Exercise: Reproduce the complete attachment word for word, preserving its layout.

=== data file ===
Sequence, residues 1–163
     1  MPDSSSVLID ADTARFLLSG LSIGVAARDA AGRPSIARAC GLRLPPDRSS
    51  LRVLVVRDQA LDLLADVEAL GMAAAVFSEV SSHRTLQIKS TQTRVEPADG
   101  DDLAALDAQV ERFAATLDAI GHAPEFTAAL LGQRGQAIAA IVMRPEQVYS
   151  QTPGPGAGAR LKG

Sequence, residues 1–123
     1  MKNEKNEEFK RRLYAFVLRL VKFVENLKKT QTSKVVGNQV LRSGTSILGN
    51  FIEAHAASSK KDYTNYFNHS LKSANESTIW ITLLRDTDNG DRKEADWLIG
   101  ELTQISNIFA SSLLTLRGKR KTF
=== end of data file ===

Sequence, residues 1–163
     1  MPDSSSVLID ADTARFLLSG LSIGVAARDA AGRPSIARAC GLRLPPDRSS
    51  LRVLVVRDQA LDLLADVEAL GMAAAVFSEV SSHRTLQIKS TQTRVEPADG
   101  DDLAALDAQV ERFAATLDAI GHAPEFTAAL LGQRGQAIAA IVMRPEQVYS
   151  QTPGPGAGAR LKG

Sequence, residues 1–123
     1  MKNEKNEEFK RRLYAFVLRL VKFVENLKKT QTSKVVGNQV LRSGTSILGN
    51  FIEAHAASSK KDYTNYFNHS LKSANESTIW ITLLRDTDNG DRKEADWLIG
   101  ELTQISNIFA SSLLTLRGKR KTF